Application of the BOARD OF EDUCATION OF THE CARMEL CENTRAL SCHOOL DISTRICT for review of a determination of a hearing officer relating to the provision of educational services to a child with a disability
Raymond G. Kuntz, P.C., attorney for petitioner, Leah L. Murphy, Esq., of counsel
Westchester/Putnam Legal Services, attorney for respondents, Jaqueline A. Ruppert, Esq., of counsel
Petitioner, the Board of Education of the Carmel Central School District, appeals from an impartial hearing officer’s decision granting respondents tuition reimbursement for the unilateral placement of their son in Camp Herrlich for the summer of 2000. Camp Herrlich provides a summer program that is not approved by the New York State Education Department to provide education to children with disabilities. The appeal must be dismissed.
Respondents’ son was 12 years old and classified as autistic when the impartial hearing began in November 2000. He was diagnosed with pervasive developmental disorder (PDD) at the age of two, and was enrolled in a preschool program prior to entering kindergarten in 1993. The student had initially been classified as multiply disabled by petitioner’s Committee on Special Education (CSE), but his classification was changed to autistic upon entering the second grade. His classification is not in dispute in this proceeding.
For the second grade during the 1996-97 school year, petitioner’s CSE recommended that respondents’ son receive consultant teacher services, speech/language therapy, occupational therapy, physical therapy, and an aide (Exhibits SD-17 and SD-18). The minutes of the CSE’s May 21, 1997 meeting indicated that respondents’ son "will attend summer camp with related services as a 12 month student" (Exhibit SD-19). Respondents enrolled their son in Camp Hampton for the summer of 1997. Arrangements were made with the CSE chairperson at the time to have petitioner reimburse the parents for the summer camp (Transcript p. 510 and Exhibit P-F). Petitioner also provided a teaching assistant (TA) to work with the student at the camp and provided a TA to work on his individualized education program (IEP) goals in respondents’ home to avoid substantial regression in his skills.
For the third grade during the 1997-98 school year, petitioner’s CSE again recommended consultant teacher services, speech/language therapy, occupational therapy, physical therapy, and an aide in a 12-month program (Exhibit SD-19). In the minutes of its annual review of the student on June 10, 1998, the CSE indicated that his "summer program will be at Camp Herrlich" with occupational therapy and speech/language therapy as well as a TA (Exhibit SD-23). Respondents enrolled their son in Camp Herrlich for the summer of 1998. Respondents again made arrangements with petitioner’s CSE chairperson to have petitioner reimburse them for the summer camp (Exhibit P-G). In addition to paying the camp tuition, petitioner provided a TA to work with the student at the camp. Respondents requested that petitioner not assign a TA to work with the student in their home during the summer, so that he could have a more normal summer. However, the student showed signs of regression upon his return to school in the fall (Transcript p. 517).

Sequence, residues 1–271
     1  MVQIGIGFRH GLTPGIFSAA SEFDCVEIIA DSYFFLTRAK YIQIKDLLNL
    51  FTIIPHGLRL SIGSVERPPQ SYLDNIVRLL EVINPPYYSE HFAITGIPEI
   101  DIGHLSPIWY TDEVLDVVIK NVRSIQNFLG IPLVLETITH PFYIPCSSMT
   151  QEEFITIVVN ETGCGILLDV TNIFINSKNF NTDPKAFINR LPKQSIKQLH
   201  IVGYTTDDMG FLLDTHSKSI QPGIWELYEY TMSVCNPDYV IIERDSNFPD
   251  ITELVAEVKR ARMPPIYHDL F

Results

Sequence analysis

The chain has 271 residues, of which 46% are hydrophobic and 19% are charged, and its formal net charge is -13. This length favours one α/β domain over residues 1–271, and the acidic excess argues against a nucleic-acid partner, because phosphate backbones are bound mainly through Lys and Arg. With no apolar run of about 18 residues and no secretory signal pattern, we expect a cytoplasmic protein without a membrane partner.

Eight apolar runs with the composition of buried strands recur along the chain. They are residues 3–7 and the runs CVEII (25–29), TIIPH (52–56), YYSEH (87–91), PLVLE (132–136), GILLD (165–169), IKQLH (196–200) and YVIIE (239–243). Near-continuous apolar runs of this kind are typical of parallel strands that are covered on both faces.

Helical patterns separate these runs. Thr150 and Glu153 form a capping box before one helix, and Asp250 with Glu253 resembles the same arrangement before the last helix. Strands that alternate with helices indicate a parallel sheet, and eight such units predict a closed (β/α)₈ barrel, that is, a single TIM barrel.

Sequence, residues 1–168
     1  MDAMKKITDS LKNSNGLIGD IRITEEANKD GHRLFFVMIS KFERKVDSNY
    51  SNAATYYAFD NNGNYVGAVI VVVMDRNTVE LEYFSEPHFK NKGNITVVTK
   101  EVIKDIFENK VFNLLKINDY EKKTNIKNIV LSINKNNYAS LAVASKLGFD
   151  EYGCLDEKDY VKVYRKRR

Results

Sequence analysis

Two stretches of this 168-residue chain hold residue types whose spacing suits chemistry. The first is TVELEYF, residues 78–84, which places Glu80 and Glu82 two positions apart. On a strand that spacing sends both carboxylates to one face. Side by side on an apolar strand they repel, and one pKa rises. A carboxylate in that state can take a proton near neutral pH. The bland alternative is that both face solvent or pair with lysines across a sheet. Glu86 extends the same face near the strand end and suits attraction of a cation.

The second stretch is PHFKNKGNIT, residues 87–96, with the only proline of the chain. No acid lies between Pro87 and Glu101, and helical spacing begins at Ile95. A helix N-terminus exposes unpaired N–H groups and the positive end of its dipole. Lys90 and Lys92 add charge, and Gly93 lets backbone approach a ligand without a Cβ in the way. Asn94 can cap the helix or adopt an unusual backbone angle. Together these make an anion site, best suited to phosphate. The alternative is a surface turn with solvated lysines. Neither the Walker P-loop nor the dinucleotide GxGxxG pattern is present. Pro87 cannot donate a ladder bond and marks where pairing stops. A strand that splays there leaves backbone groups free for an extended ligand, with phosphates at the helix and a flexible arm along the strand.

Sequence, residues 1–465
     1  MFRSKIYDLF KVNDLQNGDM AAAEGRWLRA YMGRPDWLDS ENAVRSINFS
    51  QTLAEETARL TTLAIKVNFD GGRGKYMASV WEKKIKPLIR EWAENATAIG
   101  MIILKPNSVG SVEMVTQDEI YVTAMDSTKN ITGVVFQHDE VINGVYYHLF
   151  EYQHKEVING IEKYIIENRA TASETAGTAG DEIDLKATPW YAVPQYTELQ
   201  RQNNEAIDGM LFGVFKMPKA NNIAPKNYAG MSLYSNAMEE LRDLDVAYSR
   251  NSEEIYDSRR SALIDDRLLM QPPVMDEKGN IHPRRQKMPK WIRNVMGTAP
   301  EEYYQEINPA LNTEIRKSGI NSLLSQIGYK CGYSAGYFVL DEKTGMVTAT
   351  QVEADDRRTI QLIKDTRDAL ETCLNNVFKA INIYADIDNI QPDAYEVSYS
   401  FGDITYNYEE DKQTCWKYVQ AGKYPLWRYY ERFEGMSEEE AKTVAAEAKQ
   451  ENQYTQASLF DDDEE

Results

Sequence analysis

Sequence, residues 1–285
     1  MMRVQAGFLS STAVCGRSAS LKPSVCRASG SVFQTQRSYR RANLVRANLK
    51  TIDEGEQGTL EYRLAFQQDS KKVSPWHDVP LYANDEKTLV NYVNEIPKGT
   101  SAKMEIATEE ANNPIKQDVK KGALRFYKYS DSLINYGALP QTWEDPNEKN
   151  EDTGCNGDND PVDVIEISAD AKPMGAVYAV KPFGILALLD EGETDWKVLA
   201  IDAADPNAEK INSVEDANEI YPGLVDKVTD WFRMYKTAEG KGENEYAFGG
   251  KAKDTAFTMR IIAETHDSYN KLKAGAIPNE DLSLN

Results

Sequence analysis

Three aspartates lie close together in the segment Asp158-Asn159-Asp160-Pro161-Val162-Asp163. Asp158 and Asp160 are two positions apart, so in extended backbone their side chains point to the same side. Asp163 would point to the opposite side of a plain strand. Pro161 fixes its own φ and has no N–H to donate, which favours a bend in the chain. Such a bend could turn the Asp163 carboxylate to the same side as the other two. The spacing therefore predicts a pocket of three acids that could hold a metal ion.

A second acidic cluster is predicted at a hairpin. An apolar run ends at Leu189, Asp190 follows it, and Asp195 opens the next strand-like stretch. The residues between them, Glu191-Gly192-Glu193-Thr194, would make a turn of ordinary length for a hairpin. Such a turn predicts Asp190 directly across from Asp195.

For the fourth grade during the 1998-99 school year the CSE recommended that respondents’ son receive consultant teacher services, speech/language therapy, occupational therapy, physical therapy and counseling. In addition, the CSE recommended two hours a month of consultation for home and school coordination (Exhibit SD 23).
In March 1999, respondents’ son was evaluated by a physical therapist at the Board of Cooperative Educational Services (BOCES) of Putnam/Northern Westchester Counties. The therapist noted that despite low muscle tone, the student was able to walk on even and uneven terrain and around obstacles, and could run and participate in basketball, gymnastics and floor hockey. The therapist opined that the student could access his educational program and did not require physical therapy (Exhibit SD-38).
In an April 1999 occupational therapy evaluation, the evaluator noted that respondents’ son was distractible, especially to auditory and visual stimuli, and needed repetition to complete writing and prewriting tasks. He could write his first and last name with some prompts. The evaluator indicated that respondents’ son had low muscle tone which caused him to become easily fatigued while performing gross motor and fine motor activities. She recommended that he receive occupational therapy during the 1999-2000 school year (Exhibit SD-42).
The student’s consultant teacher reported that the student had achieved standard (and percentile) scores of 58 (0.3) in broad reading, 0 (0.1) in broad math, 0 (0.1) in broad written language and 66 (1) in broad knowledge on the Woodcock Johnson Psychoeducational Battery - Revised. She noted that he was primarily a visual learner and was most successful when learning objectives were task analyzed and taught in a sequential fashion. The teacher opined that the student should have opportunities for ample practice and reinforcement so that his IEP objectives could be generalized and applied in many settings. She recommended that he be included with age appropriate and socially appropriate, positive peer role models because he was socially immature, emulated his peers and strove to be like them (Exhibit SD-40).